The Fake Hunt, Part 7

Someshta was delighted to hear about the Tinker convention, but regretfully informed Contro that he hadn’t seen any other party members yet.

“The last fellow I saw of your ethnic group, he was part of a big group of people who were trying to fight the Dark One,” the Green Man told them. “He was killed. But he wasn’t a Tinker, nor was he Jenn Aiel – he might have been one of those warrior Aiel, he certainly looked like one. I see them from time to time, they come into the Blight to get in fights. Were they invited to your convention?”

“Ha ha ha! I shouldn’t think so! Ha ha ha!! Funny that! They’re not Tinkers, are they?”

“Well, no, but then, you’re all Aiel,” Someshta sat down heavily, and immediately grew roots. He was funny like that. “The thing is, the warrior Aiel would never come to a big convention with your people, because they are afraid of you. They are afraid of the failure that you represent, the failure on their part. Of course,” he went on sternly, “you Tinkers failed as well.”

“I see! Ha ha ha!! No I don’t!”

“That’s why I thought it was strange that you said the convention was to be at … where did you say?”

“Tar Valon!” Contro supplied helpfully. “That’s what I was told!! Aren’t we in Tar Valon now?”

“I’m afraid we are a fair distance from Tar Valon yet, and besides, I find it very hard to believe anybody would plan a Tinker convention there,” the Green Man said thoughtfully. “Seems most unusual, considering the history you share with the Aes Sedai.”

“What history is that?”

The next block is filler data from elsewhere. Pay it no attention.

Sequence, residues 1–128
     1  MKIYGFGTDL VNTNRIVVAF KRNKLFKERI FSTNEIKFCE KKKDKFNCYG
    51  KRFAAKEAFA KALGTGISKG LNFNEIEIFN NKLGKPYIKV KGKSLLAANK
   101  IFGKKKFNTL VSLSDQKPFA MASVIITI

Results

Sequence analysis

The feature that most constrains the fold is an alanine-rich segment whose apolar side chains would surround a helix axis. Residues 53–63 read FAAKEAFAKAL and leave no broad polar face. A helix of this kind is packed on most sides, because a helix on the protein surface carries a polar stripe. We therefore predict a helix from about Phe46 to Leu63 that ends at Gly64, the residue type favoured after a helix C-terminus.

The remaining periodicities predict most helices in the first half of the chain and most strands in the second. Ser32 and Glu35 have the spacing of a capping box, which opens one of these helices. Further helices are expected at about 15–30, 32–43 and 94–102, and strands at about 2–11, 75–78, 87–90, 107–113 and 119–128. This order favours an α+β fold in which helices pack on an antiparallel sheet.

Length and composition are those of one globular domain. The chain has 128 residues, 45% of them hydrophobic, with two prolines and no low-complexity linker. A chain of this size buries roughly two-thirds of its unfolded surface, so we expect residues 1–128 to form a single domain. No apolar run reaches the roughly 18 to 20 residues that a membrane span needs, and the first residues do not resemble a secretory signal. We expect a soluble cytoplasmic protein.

“It has been a very long time,” the Green Man tore himself up, dusted himself off, and set out through the garden. Cybes followed him like a puppy. There was something magnetic about a stick that threw itself, and a tree that moved whenever you tried to mark it as your own territory. “I’ll explain on the way.”

“Where are we going? Tar Valon! Yay!!”

“No, I think we should go somewhere else,” Someshta said, reaching up into a giant tree and pulling down a bulky knapsack from a cleft in the branches. “It has been a long time since I travelled, and this convention of yours has sparked my interest. But I don’t think just Tinkers should be involved. I think it should be a mass meeting of all the Aiel.”

“Wow! Ha ha ha! That would be great! But then why involve me? I’m a Tinker! I think!!”

“Indeed. And so, to explain it all to you, I propose that our first stop will be Rhuidean. The great ancestral home of the Aiel, built after their exodus from the Breaking, and the place where their burden was laid to rest. The last known city of the Jenn Aiel, those who fulfilled their task and were then forgotten.”

“Rhuidean! But you said we were going to Tar Valon!!”

“No I didn’t,” the Green Man said mildly. “You did.”

“Oh!! Ha ha ha! I did? Yes, I did! That’s where the Tinker convention is!! Did I tell you about that?”

“Yes, you told me about it. And I thought it was a little strange to have a Tinker convention near Tar Valon, so close to the site of your historical failure. I also thought that if the Tinkers are gathering together, it was one of the signs I have been waiting for, and you were a sort of messenger for me. Which I think means all the Aiel should be gathered together, and we would have more success if we start at Rhuidean, and get the support of those warrior Aiel.”

Contro had listened carefully to everything Someshta had said, right up to the ‘yes, you told’ part. Then it had gotten a little difficult to follow, to tell the truth.

“Ha ha ha!! Too funny, really! So how far is it to the convention from here? In days I mean! Ha ha ha! I’m sure you could tell me how far it is in inches, but I don’t know how many inches I could walk in a day! Ha ha ha!! Funny that!”

Someshta peered out at his garden. “It should be a couple of weeks’ walk to Rhuidean,” he said, “and from there, we’ll see.”